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Making it reliable, making it meaningful, and governing the governance

Making it reliable, making it meaningful, and governing the governance

21 April 2015

National Coordinators did not leave the easy bits of their programme to the final day of an intense week. They started with a discussion on a vital and difficult element of the EITI process: data reliability. Of course, financial structures, procedures and processes vary across countries, including within Francophone Africa. However, despite these systemic variances participants were united in their thinking: it is only once stakeholders agree with the facts, that they can have a meaningful discussion. Representatives from the DR Congo Inspector General’s office, civil society, companies and the National Secretariat explained how they jointly avoided pitfalls, confronted challenges and repaired weaknesses.

The next course on the menu regarded possibly an even tougher issue: how to govern the implementation process. In particular questions such as who MSG members really represent; tailoring the composition of the MSG to suit a changing EITI environment and agreed objectives; and how to find a balance between renewal vs experience in the group. Sensitive issues were not avoided, with intense exchanges on the question of per diem policy, which also featured on the agenda of the EITI Board.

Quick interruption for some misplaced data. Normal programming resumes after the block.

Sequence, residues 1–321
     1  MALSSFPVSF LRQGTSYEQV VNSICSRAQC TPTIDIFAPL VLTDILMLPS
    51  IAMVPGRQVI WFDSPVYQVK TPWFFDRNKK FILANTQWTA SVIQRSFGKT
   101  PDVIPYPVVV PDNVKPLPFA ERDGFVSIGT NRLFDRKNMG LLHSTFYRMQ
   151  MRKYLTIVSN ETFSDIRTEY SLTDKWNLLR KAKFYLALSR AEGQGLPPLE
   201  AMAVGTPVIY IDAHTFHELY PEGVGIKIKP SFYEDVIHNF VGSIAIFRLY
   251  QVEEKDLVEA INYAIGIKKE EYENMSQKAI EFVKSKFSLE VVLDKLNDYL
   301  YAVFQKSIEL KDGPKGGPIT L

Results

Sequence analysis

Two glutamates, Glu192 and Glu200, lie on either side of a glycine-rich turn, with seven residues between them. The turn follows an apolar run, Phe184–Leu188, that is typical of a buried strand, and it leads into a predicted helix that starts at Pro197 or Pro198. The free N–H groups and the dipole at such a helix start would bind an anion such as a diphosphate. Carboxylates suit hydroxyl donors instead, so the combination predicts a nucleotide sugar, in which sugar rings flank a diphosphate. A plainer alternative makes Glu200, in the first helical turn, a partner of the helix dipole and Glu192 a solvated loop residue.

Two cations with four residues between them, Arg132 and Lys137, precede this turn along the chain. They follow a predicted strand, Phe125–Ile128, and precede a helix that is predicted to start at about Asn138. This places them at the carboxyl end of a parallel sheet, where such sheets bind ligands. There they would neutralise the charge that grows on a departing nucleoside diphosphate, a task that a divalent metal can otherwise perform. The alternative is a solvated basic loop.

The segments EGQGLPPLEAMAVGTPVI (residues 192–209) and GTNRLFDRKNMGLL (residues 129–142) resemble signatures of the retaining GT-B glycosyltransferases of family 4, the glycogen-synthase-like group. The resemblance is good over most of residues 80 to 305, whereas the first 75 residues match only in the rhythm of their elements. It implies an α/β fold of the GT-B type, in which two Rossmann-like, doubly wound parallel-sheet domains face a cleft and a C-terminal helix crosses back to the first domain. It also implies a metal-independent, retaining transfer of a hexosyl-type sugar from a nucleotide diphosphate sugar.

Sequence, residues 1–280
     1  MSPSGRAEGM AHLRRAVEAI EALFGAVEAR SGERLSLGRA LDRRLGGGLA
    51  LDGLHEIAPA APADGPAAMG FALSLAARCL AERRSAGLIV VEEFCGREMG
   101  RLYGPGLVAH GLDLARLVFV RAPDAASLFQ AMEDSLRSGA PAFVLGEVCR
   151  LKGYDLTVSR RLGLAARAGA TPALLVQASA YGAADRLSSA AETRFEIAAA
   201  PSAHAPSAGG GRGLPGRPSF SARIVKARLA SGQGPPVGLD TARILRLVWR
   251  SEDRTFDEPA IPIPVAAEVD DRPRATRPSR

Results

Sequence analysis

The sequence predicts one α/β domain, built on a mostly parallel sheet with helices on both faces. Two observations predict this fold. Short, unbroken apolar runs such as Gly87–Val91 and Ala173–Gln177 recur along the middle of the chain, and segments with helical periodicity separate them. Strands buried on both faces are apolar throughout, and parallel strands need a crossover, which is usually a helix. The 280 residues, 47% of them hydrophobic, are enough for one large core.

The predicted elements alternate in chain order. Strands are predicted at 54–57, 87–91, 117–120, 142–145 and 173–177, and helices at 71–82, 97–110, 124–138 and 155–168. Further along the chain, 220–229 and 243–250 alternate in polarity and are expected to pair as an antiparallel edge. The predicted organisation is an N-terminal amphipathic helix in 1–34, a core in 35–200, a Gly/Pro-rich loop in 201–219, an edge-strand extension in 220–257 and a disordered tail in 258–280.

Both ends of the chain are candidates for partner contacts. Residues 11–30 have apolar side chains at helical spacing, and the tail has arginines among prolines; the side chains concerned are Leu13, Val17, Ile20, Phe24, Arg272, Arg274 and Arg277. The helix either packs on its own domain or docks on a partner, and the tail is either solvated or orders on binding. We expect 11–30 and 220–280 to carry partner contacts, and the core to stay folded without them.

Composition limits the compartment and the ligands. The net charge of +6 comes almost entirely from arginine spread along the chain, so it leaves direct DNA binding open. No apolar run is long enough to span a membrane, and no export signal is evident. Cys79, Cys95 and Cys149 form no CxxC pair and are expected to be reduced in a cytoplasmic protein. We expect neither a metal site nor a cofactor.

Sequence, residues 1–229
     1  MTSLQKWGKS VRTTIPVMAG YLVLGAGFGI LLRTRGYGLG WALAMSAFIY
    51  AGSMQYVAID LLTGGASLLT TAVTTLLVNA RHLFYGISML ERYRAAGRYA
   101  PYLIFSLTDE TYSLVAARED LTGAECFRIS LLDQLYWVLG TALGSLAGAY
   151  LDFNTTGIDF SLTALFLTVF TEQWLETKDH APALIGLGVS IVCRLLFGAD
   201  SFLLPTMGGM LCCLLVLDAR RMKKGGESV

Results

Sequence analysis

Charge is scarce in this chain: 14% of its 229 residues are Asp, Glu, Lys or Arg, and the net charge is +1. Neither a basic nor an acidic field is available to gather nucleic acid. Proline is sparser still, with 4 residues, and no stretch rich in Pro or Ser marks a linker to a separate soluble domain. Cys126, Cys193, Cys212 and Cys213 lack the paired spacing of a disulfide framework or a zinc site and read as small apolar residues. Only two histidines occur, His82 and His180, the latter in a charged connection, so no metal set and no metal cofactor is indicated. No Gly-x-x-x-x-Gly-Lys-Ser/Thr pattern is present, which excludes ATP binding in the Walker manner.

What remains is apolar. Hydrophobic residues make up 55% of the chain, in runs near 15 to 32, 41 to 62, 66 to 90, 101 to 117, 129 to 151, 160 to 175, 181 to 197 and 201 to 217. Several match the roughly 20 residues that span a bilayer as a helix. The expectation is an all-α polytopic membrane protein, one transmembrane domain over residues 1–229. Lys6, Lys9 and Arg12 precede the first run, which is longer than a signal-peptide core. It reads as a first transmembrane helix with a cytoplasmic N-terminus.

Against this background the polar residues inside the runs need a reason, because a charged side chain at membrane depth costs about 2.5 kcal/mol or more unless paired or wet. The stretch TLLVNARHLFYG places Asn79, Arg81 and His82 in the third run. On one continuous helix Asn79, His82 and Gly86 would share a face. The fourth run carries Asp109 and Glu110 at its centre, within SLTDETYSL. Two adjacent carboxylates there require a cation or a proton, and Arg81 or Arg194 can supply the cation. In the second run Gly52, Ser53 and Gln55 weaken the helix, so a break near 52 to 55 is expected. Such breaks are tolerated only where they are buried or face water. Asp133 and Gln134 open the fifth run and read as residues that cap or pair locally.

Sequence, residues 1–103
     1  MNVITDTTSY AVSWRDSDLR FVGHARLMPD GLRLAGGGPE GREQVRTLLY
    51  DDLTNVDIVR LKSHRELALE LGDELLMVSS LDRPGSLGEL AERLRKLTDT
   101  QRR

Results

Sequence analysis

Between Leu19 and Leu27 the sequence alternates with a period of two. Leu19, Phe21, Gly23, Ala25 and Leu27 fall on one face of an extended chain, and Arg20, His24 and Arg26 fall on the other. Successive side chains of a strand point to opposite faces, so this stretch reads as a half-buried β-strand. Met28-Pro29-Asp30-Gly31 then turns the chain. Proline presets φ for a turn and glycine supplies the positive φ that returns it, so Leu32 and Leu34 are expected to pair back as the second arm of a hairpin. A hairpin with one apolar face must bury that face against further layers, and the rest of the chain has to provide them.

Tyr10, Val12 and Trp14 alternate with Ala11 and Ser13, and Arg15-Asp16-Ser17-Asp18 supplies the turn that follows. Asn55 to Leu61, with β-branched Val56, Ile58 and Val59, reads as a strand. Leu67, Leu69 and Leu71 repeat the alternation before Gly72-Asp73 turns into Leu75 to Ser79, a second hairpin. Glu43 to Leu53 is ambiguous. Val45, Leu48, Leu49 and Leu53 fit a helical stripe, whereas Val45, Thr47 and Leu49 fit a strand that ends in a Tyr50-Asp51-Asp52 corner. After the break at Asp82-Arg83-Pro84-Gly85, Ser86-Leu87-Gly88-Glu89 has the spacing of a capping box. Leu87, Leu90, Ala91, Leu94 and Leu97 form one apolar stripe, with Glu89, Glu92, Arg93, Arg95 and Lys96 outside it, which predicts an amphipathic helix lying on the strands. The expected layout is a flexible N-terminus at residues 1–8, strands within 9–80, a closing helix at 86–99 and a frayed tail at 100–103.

Finally, National Coordinators focused on perhaps the most important element of their work: how to ensure that what you do actually has impact. With this session, the week ended with a full circle, by identifying usefulness as the key characteristic of the EITI process and finding means of monitoring and evaluating it.

Want to know more about the EITI Week in the Congos? Follow this link for more information on the overview of the week and read up about Day 1, Day 2, Day 3, Day 4 here.